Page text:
How Does Iago Use Symbolism In Othello

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William Penn once said, “Only trust thyself, and another shall not betray thee.” If Othello, the protagonist of Othello had followed this cynical attitude many lives would have been saved. In Othello, William Shakespeare tells the tragic story of Othello who is led to his downfall because of his confidante’s deception. Shakespeare effectively utilizes symbolism, asides, imagery and characterization to demonstrate the effect of Iago’s lies in the ruination of Othello. Shakespeare excellently uses symbolism in this drama. The first example is Desdemona’s handkerchief. It symbolizes the love between Othello and Desdemona. The handkerchief was Othello’s “first gift” (3.3) to Desdemona; therefore, it was precious to both of them. Othello tells…show more content…
Most of the asides are used by Iago, which creates dramatic irony. Iago announces he will “abuse Othello’s ear [by saying that Cassio] is too familiar with his wife” (1.3). This displays how Iago plans on using innocent Cassio to cause Othello’s downfall. The aside convinces the readers that Desdemona is innocent and that her infidelity was part of Iago’s scheme. Later, Iago declares that he will “set down the pegs that make this music” (2.1). He is saying that he will make sure that the merriment they experience will not last. He achieves this through dishonesty. Iago declares that “whether he kill Cassio, or Cassio him, or each do kill the other, everyway makes my gain” (5.1). This proves how sly he is and how indifferent he is to the fact that innocent people could die because of his plot. Then Othello says “she must die, else she’ll betray more men” (5.2). Through this aside readers are told that Othello’s intention in going to her room is to murder her. It shows how significantly he was affected by Iago’s…show more content…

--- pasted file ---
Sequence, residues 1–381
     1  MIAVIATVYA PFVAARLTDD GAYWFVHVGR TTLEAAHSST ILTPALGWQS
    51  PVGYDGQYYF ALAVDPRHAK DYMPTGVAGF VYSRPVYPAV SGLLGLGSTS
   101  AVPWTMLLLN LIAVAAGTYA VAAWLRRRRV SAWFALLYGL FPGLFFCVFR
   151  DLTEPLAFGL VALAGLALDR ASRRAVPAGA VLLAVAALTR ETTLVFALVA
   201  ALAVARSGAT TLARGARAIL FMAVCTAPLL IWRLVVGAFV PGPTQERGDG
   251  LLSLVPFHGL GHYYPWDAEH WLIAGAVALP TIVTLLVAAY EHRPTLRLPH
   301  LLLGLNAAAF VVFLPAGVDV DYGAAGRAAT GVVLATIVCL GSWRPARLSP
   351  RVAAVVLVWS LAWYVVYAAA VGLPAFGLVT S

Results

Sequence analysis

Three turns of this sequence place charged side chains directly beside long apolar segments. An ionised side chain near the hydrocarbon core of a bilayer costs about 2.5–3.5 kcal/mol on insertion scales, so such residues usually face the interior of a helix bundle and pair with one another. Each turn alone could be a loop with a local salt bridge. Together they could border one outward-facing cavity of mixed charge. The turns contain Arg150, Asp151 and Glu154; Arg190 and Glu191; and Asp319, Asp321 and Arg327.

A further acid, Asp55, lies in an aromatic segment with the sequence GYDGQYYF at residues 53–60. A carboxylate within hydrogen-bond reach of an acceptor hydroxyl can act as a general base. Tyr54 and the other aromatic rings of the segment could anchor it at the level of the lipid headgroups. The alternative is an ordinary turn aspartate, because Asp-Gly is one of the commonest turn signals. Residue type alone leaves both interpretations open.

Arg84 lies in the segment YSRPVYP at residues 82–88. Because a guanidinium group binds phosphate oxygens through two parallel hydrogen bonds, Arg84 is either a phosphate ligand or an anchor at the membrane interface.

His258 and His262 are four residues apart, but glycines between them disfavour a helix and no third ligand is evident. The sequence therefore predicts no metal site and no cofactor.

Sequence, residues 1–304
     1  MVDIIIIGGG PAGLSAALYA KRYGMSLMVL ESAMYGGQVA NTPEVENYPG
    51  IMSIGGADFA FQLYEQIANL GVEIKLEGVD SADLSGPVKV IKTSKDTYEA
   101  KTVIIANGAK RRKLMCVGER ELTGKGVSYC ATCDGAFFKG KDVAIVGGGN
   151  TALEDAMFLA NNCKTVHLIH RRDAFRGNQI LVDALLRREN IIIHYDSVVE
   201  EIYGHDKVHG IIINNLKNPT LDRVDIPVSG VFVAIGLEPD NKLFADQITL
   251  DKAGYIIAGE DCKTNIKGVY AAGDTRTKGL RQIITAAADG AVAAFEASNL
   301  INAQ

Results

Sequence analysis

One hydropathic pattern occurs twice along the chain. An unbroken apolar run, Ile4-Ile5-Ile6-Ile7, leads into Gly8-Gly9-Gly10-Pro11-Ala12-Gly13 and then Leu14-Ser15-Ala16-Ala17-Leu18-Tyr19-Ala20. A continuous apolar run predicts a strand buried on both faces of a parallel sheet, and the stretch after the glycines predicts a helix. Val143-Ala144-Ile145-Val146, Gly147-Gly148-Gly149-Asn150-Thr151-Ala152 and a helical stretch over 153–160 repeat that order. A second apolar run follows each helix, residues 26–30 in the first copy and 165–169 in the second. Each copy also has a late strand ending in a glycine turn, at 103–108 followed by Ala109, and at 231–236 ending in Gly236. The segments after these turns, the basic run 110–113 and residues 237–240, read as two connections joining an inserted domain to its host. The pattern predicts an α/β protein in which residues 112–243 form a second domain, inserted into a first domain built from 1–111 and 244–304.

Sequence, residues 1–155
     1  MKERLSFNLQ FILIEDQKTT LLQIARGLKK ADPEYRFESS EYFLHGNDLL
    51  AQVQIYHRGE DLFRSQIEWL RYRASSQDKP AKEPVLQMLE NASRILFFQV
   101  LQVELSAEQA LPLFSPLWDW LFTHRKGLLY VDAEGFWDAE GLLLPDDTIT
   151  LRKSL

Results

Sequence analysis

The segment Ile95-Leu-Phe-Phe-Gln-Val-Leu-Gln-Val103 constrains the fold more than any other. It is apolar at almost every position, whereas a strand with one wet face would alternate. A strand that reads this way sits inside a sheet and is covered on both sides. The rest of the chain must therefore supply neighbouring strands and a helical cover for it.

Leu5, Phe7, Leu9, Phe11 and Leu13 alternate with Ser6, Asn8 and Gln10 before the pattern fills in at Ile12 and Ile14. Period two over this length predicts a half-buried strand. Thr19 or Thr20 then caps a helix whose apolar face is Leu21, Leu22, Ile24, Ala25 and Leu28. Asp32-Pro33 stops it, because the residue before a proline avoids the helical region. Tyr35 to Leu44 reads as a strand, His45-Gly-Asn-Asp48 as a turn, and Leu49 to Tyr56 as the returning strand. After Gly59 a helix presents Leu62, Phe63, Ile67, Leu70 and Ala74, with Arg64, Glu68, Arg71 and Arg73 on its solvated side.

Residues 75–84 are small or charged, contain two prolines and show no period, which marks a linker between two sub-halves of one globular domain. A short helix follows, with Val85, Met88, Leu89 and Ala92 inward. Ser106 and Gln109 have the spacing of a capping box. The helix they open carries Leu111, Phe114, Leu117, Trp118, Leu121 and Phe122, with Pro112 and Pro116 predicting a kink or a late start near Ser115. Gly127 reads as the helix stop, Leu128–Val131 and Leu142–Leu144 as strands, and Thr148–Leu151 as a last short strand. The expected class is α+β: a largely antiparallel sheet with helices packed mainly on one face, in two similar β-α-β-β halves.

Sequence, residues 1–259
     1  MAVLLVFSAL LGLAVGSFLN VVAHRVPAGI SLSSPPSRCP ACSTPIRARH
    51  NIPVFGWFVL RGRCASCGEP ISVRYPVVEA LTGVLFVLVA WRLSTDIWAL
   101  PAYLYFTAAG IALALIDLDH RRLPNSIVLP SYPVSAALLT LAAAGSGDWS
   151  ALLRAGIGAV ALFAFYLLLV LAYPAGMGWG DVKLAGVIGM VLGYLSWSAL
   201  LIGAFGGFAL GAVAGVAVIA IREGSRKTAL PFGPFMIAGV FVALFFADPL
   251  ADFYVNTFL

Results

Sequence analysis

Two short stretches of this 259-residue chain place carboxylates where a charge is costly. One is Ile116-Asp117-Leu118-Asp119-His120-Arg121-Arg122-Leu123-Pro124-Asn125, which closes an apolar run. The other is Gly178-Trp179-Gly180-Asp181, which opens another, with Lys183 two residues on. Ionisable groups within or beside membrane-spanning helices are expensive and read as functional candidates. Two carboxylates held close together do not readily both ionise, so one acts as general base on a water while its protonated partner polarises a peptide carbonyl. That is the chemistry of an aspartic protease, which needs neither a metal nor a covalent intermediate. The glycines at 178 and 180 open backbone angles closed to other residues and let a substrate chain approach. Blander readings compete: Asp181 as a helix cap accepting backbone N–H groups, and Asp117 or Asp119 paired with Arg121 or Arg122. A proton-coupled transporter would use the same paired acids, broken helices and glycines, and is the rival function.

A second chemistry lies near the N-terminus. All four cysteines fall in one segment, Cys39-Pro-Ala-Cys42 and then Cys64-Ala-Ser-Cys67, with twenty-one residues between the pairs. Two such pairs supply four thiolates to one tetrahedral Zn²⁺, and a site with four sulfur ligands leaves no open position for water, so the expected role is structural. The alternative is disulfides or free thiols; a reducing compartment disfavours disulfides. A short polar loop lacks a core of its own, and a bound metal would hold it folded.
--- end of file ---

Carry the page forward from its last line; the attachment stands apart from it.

Iago tells Roderigo to “poison [Brabantio’s] delight […] incense [Desdemona’s] kinsmen, and though he may be in a fertile climate dwell, plague him with flies” (1.1). This sensory imagery shows how uncomfortable Iago thinks Desdemona’s relatives will feel hearing that she married Othello. This is also the scene were Iago first works against Othello by informing Desdemona’s father that Othello had married Desdemona. Iago also says “with as little web as this will I ensnare a great fly as Cassio” (2.1). Through this simile, Shakespeare creates the image of Iago as a spider and Cassio as a fly that is about to become the prey to the spider. Cassio becomes a victim because of Iago’s lie that Cassio was having a romantic relationship with Othello’s wife. Othello cries “farewell the neighboring steed and the shrill trump, the spirit-stirring drum, the ear- piercing fife, the royal banner and all quality” (3.3). By describing some of the things related to war and the military Shakespeare emphasizes how Othello can no longer care for such things because hurting Cassio and Desdemona is his main

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